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Discussion Starter · #1 ·
I am considering getting a "Gate Assist " .
I have looked at the " Back Saver & the Easy Gate " what is the preferred brand. Are their any other brands out there. Also do you have the one sided or two sided . I will most likely get the two sided because my rear gate is so heavy. Thank you for the information....:confused:
 

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I made my own for $37. fense post, pulleys, garage door spring. Do a Search and you will find some pics of some nice ones. I love mine. I thought I was going to need two... but with one the gate is lifted about 1" off the ground on one side. If I had both sides the entire gate would most likely be 3" off and a P.I.T.A.

good luck
 

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Discussion Starter · #5 ·
Thats the problem for me , I am having back pain and thought this would help. A friend of mine has one and it looks ok , It is a Back Saver but I dont like how it is in two pieces.
How are you mounting it on the trailer? I have a pole saw on one side and don't think it will fit. This is the reason I am asking about the one sided gate assist. Pleas give any further advice it will all help.....
 

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I made my own also.less than 50 bucks in parts for the pair.No more bending over.Just kick it with your toe and it comes up.
 

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Exactly. That's the thing with the homemade ones. They work so much better than all those that you buy.
 

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I made one for less than $20.

Piece of 1/8” 1 ½” angle iron 24” long, couple dollars at my source, maybe $6 or 7 at Lowe’s.
140# pull garage door spring, $12.xx at Lowe’s.
Two U-bolts to attach spring to trailer rail and angle iron, few bucks.
Welded the angle iron to the gate (be sure of the strength of your welds and weld it on every possible joint, make a good weld or have it done at a shop).
Then ran the cable that came with the spring through the spring on the inside, tied one end, dropped gate gave it a few more inches slack and tied other end for a safety feature if spring bursts the cable will slow it down/stop it from injuring someone.

It is just on one side of the gate and it does lift it a couple inches on that side, but all you do is flip it up with your toe and it comes up, you catch it or let it shut itself and latch it your done. It’s great… no injured back here.. and I have a weak back too for a 16 y.o. guy.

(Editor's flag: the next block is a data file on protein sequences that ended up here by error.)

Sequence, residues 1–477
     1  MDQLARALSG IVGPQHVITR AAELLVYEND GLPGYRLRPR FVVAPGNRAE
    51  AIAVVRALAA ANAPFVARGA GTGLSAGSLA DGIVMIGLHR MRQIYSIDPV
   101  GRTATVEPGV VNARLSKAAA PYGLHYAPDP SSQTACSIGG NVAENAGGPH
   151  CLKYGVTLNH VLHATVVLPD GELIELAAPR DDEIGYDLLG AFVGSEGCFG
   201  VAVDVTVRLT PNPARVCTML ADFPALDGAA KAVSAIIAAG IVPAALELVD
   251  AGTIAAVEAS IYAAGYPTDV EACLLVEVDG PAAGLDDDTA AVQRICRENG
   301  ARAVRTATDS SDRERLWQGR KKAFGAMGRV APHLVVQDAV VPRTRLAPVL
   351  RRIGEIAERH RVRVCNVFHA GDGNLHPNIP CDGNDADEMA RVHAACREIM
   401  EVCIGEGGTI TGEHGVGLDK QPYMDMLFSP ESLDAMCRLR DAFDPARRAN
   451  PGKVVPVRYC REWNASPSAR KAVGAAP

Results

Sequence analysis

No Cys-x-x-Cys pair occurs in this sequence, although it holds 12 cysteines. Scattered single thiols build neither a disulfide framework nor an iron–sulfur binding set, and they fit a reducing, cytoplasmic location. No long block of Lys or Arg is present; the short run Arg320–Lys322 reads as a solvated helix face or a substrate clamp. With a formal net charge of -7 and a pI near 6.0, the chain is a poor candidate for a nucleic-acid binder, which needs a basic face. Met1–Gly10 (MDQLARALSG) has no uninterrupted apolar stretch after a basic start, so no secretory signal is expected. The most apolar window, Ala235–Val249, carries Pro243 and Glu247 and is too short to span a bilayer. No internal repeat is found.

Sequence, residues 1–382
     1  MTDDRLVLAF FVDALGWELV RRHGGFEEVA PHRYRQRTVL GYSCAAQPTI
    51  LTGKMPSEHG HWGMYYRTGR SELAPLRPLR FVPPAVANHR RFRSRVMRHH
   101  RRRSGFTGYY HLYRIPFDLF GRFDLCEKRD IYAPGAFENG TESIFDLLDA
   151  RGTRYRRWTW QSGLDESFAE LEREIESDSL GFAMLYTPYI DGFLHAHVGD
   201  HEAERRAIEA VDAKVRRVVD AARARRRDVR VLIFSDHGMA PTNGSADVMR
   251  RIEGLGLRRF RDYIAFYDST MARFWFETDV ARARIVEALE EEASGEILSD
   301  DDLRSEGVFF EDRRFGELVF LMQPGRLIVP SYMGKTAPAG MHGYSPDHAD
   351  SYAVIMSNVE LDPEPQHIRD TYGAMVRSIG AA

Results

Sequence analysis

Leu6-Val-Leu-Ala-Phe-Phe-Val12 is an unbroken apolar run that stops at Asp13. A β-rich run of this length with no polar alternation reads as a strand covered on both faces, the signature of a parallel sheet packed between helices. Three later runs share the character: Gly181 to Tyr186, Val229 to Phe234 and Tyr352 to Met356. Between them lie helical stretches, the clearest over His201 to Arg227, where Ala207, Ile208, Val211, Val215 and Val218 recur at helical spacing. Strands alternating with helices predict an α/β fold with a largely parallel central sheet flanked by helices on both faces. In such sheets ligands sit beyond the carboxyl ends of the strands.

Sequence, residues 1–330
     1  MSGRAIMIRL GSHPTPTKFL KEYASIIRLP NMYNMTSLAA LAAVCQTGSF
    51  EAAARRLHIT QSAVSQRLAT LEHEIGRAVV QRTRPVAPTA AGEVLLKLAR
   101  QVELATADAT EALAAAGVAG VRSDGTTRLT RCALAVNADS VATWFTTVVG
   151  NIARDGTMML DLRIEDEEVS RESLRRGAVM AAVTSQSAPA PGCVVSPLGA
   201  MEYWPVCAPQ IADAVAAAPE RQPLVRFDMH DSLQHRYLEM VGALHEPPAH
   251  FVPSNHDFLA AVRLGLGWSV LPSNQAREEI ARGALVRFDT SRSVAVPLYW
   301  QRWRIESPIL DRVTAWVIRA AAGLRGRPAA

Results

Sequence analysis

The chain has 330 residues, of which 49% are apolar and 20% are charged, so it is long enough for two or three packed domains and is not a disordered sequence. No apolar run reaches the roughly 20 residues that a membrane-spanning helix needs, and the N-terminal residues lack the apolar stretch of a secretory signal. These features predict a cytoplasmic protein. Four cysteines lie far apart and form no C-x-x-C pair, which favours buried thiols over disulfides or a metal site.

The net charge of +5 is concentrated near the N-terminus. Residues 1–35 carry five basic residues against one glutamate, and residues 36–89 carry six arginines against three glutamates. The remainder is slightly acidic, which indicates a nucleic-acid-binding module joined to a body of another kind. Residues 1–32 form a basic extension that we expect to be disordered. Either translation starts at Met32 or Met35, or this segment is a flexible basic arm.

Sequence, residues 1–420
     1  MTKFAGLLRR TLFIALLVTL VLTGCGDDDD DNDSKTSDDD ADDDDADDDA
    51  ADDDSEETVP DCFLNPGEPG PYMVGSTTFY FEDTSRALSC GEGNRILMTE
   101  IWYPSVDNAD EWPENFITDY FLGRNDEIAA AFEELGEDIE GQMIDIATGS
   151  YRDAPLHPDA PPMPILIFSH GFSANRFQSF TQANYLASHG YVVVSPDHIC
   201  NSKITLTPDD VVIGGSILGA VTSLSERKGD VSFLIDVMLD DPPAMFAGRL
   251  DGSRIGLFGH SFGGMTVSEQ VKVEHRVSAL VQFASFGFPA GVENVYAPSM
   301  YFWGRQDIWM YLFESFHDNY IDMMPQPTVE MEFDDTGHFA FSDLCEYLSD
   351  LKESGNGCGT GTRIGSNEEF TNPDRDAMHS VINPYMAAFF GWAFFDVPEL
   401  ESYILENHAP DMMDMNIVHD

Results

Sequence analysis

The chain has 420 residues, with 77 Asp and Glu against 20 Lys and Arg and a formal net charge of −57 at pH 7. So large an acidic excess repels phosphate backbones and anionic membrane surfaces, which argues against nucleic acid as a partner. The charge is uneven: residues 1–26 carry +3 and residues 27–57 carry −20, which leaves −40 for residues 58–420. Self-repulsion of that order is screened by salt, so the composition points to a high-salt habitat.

Here’s how you do it: with your gate shut and latched, clamp the angle iron to the gate side so it lays flat on the top rail of the trailer side where you want it, but then raise it a inch and a half or so, clamp it good. Then weld it strongly at all joints. Drill holes in the end of it for the U-bolt and attach the spring with the U-bolt to the angle iron. Then with the spring relaxed still, lay it out on the rail, mark the holes for the U-bolt and drill two holes for U-bolt on the trailer rail, then bolt that end of the spring down with the U-bolt. Then run your safety cable through the spring and tie to the U-bolt on one end, lower gate while letting cable stretch along with spring, then give it a couple inches of slack and tie the other end to the U-bolt on the gate end of the spring. Cut off leftover cable and you’re done. My gate is a 4’ angle iron one, not square tube. If yours is square tube you may need to change your holes on the trailer rail so the spring is stretched a couple inches with the gate shut. It works really well, nothing to break on it and it was cheap, didn’t take very long either. Don’t attach the safety cable until you have the tension adjusted like you want. When you life the gate the cable will bunch up inside and part of it will poke through the spring because it has nowhere to go, don’t worry about this. You can also put a PVC pipe over it for looks, but it won’t help you safety wise it will just shatter. Could use steel pipe though.
The gate will even suspend itself at a certain point.
This one uses no pulleys, doesn’t take very long, is very simple and you don’t have to be an engineer to do it either.
Here’s a pic before i put on the cable.

Wood Automotive exterior Automotive tire Wheel Tire